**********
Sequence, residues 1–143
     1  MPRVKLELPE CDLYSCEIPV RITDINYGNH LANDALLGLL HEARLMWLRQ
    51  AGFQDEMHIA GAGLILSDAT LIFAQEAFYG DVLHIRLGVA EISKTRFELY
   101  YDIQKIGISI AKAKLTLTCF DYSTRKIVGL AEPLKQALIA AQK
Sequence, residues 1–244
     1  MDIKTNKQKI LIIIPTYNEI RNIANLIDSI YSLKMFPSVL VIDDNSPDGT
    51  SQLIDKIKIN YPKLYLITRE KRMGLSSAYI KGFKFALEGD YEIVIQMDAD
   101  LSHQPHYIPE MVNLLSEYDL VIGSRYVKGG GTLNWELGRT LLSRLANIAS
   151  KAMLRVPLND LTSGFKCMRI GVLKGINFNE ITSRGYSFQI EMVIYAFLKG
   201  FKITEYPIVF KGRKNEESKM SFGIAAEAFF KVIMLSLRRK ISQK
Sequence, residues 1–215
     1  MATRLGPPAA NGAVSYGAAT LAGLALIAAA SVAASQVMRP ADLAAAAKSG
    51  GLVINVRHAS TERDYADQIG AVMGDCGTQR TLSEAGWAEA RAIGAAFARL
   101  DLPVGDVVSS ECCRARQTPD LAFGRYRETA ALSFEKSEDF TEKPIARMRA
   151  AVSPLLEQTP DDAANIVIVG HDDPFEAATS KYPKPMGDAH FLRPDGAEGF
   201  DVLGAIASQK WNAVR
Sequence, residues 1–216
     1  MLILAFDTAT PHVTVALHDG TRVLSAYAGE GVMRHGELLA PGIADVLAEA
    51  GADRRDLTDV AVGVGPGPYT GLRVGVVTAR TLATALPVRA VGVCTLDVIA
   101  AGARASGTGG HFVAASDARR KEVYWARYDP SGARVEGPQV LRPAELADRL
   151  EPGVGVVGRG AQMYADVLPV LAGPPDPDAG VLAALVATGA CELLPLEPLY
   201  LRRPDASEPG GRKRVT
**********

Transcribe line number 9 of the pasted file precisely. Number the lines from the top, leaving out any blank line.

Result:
   151  KAMLRVPLND LTSGFKCMRI GVLKGINFNE ITSRGYSFQI EMVIYAFLKG